Further, in Japanese Patent No. 3149194, a method of reducing splicing loss is disclosed, in which the fusion-spliced portion of fibers having different MFDs are elongated so that the diameter of the bare fiber is reduced so as to obtain a reduced splicing loss. According to the method disclosed, MFDs coincide by reducing the outer diameter of the bare fibers without applying the TEC treatment. Here, the splicing loss of two splicing portions is from 3.8 dB before the elongation to 0.5 dB after the elongation. While it is a considerable improvement of the splicing loss, 0.5 dB cannot be said to be a low splicing loss. The splicing loss of GeO2 doped SMFs is desirably not more than 0.1 dB. Further, in splicing multiple fibers en bloc, scattering of the pushing amount is unavoidable, and so it is difficult to reduce the splicing loss to not more than 0.1 dB by this method.
 The object of the present invention is to provide a method of splicing optical fibers at a low splicing loss and an optical component incorporating the fibers thus spliced at low loss.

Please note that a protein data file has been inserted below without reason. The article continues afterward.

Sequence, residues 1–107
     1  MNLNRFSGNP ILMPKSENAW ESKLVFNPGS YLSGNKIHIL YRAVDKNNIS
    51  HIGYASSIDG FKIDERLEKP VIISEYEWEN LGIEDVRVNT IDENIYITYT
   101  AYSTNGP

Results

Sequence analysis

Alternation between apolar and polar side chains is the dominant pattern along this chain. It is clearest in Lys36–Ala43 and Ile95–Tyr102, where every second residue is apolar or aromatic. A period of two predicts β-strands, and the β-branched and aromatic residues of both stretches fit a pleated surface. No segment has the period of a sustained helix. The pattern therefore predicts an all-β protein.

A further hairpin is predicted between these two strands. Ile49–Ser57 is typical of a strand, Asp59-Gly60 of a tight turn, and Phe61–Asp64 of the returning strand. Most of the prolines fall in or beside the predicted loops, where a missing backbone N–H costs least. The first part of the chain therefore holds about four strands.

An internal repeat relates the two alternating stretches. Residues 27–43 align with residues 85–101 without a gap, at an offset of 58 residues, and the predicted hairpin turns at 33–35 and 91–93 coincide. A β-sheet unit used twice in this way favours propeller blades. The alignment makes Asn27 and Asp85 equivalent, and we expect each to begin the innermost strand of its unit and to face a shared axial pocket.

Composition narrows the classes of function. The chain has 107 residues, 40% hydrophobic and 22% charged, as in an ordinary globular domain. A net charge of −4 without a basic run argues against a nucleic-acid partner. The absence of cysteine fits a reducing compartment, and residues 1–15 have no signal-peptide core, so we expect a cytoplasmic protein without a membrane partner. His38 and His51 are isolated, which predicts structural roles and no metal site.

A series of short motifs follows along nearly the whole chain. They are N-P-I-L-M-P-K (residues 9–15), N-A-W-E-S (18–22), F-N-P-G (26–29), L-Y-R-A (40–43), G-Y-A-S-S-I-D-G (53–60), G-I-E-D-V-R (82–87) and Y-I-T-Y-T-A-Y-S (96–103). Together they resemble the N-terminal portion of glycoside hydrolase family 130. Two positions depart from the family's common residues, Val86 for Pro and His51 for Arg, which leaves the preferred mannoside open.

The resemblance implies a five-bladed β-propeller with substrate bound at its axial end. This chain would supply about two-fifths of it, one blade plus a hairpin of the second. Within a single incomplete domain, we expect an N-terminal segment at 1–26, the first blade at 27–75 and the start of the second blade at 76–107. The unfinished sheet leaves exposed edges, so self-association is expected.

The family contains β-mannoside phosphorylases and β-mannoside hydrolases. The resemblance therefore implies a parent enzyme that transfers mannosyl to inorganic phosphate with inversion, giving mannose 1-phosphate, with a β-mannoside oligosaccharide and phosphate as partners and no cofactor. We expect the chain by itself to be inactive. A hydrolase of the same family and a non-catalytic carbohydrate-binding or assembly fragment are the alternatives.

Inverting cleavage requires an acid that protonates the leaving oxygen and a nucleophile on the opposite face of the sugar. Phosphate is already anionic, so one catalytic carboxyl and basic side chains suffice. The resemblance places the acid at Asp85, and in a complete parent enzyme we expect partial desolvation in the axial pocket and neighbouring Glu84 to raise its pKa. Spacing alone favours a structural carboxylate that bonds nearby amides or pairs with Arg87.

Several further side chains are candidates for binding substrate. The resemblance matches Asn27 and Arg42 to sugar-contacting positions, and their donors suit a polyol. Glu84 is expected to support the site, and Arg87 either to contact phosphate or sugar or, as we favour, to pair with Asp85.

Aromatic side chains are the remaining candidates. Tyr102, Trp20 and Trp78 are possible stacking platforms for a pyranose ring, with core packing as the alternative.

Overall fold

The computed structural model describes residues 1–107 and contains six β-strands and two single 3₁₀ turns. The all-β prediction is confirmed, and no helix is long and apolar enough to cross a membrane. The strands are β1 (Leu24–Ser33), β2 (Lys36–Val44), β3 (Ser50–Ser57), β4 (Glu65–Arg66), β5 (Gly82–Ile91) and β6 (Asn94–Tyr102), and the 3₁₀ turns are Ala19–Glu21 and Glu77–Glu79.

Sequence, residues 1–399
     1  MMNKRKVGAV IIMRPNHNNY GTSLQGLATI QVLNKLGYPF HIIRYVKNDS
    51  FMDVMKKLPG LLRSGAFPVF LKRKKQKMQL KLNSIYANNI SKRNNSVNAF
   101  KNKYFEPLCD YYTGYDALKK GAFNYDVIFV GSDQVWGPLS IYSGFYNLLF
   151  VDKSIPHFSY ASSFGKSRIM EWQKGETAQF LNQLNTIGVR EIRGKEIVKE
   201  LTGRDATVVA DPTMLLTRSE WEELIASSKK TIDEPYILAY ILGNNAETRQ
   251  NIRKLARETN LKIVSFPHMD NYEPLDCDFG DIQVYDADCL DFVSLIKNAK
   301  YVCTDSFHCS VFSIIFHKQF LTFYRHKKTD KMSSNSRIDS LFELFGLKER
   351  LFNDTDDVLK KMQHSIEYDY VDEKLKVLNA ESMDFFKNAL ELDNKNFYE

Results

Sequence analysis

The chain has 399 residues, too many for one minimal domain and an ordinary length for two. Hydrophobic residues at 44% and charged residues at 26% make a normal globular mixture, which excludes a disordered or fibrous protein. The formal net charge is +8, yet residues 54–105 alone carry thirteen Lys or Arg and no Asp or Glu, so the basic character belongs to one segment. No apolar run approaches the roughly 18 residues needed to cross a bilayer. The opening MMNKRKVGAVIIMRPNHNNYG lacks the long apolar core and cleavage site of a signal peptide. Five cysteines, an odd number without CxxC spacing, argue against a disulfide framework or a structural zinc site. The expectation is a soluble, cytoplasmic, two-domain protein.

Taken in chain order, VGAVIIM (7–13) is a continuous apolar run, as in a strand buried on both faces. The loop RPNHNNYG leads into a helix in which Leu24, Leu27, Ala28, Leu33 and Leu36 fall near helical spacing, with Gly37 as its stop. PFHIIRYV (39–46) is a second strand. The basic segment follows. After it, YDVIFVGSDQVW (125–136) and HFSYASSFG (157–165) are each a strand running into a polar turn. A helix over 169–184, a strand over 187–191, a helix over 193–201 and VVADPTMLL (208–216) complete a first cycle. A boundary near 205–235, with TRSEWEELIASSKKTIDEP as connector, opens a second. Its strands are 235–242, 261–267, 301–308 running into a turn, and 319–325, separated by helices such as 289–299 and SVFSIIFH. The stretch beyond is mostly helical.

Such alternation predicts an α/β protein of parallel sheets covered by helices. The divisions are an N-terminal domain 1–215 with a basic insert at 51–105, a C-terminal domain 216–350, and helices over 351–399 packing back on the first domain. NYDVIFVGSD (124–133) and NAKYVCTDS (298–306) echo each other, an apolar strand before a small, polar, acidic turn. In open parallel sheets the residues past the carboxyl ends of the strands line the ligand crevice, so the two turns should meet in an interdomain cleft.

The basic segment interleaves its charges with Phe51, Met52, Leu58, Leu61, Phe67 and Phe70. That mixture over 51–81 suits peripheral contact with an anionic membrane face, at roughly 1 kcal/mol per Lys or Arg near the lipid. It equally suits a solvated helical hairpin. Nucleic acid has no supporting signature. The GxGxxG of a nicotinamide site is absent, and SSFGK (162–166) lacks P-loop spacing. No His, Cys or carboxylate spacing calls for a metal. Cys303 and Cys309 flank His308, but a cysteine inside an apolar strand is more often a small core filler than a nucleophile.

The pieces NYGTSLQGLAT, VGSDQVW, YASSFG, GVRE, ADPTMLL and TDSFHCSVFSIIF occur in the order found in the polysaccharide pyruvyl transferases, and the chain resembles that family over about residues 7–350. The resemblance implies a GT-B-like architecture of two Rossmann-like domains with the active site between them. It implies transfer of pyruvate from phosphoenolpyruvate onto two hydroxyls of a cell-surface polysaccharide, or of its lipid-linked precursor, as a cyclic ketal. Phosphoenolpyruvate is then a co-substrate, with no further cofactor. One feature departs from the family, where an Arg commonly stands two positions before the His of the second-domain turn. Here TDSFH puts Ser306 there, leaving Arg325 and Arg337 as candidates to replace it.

To attain the above object, a new splicing method for optical fibers having different MFDs is provided. In this method, optical fibers having different MFDs are fusion-spliced, and additional heat treatment is applied to the fusion-spliced portion such that a dopant contained in the core portion is thermally diffused so as to cause the MFDs of the fibers to coincide each other. In this method, pairs of opposing fibers disposed in parallel in line or in the form of a ribbon are pushed in a longitudinal direction from one or both sides of the pairs toward the opposed fibers at the time of fusion-splicing, and then pulled back in the opposite direction to decrease the diameter increment in the fusion-spliced portions, which are subsequently subjected to the additional heat treatment. Here, the diameter increment ‘f’ is a quantity obtained by the following: